The Maxwell Anderson Scholarship
in Medieval and Renaissance Literature
Maxwell Anderson was a giant of the twentieth-century American theater, a playwright whose dramas soared on blank verse, exploring the many ways that love can connect across time, across alternate realities, across any of the innumerable gulfs that separate one human spirit from another.
In the 1950s, Anderson was approached by financier L. Stanley Kahn, who had been captivated by the case of Richard III after reading Josephine Tey’s The Daughter of Time and who set out on a three-year course of research into contemporary English sources. Kahn was looking for someone to dramatize a revisionist characterization of Richard III to counter the Shakespearean influence.
The result was Richard and Anne, a blank verse play written by Maxwell Anderson in 1956. Unpublished and unproduced during his lifetime, it captured the attention of former American Branch chair Roxane C. Murph. Murph had been a student and admirer of Anderson’s work since first encountering it in high school. Author of the popular historiographical survey,Richard III: The Making of a Legend Murph found two of her research interests joined in a single document.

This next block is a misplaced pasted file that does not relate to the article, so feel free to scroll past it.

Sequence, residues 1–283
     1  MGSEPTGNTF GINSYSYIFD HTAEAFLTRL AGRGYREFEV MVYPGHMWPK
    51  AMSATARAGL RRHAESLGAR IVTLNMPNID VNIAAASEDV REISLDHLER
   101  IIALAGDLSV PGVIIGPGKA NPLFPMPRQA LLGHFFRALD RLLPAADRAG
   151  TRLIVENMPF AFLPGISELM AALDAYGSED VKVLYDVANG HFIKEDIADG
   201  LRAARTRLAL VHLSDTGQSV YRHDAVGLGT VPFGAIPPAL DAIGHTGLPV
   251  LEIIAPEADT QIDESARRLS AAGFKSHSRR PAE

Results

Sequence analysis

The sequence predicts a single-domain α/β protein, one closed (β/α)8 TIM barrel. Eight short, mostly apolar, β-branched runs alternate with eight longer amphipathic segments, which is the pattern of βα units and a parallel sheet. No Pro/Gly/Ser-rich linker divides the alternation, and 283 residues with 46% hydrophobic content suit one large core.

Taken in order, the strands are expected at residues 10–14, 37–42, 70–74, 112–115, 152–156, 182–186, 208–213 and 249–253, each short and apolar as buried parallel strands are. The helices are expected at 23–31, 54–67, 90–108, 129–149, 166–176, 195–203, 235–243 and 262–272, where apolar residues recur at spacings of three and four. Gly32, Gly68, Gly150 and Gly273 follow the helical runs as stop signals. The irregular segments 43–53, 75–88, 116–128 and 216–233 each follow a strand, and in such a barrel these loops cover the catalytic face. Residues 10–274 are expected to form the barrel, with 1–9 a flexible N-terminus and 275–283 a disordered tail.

Years of study and persistence were rewarded by the publication, in February 1995, of Maxwell Anderson’s Richard and Anne, edited and with an introduction by Roxane C. Murph, by McFarland Press, available from our sales office. The American Branch’s share of the royalties from this publication are being used to establish a new scholarship fund: The Maxwell Anderson Scholarship in Medieval and Renaissance Literature.
” The treatment of Richard III at the hands of the historians has been profoundly affected by the impact of literary and dramatic treatments of his story, ” Murph commented. ” While it continues to be important to study the history of the fifteenth century, the study of the literary traditions that gave birth to Richard’s malignant reputation should not be overlooked. ” Murph sees the establishment of this new scholarship fund as a way to celebrate the life and work of Maxwell Anderson while furthering the study of the literary afterlife of Richard III.
The American Branch hopes to be able to award one $500 Maxwell Anderson Scholarship annually in the near future, with any additional contributions being held to build an endowed fund to sustain the program. Contributions to the scholarship fund are warmly welcomed.